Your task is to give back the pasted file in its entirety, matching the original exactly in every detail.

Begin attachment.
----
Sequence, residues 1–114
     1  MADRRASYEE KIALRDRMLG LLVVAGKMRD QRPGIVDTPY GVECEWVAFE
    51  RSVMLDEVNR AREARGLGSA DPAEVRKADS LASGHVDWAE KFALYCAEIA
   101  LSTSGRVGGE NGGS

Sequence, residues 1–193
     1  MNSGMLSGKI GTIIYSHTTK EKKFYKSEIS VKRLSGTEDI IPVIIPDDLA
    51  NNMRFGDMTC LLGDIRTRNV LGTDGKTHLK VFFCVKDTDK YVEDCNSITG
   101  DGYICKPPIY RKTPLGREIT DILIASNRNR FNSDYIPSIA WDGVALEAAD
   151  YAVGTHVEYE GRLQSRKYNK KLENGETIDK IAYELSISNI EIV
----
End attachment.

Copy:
Sequence, residues 1–114
     1  MADRRASYEE KIALRDRMLG LLVVAGKMRD QRPGIVDTPY GVECEWVAFE
    51  RSVMLDEVNR AREARGLGSA DPAEVRKADS LASGHVDWAE KFALYCAEIA
   101  LSTSGRVGGE NGGS

Sequence, residues 1–193
     1  MNSGMLSGKI GTIIYSHTTK EKKFYKSEIS VKRLSGTEDI IPVIIPDDLA
    51  NNMRFGDMTC LLGDIRTRNV LGTDGKTHLK VFFCVKDTDK YVEDCNSITG
   101  DGYICKPPIY RKTPLGREIT DILIASNRNR FNSDYIPSIA WDGVALEAAD
   151  YAVGTHVEYE GRLQSRKYNK KLENGETIDK IAYELSISNI EIV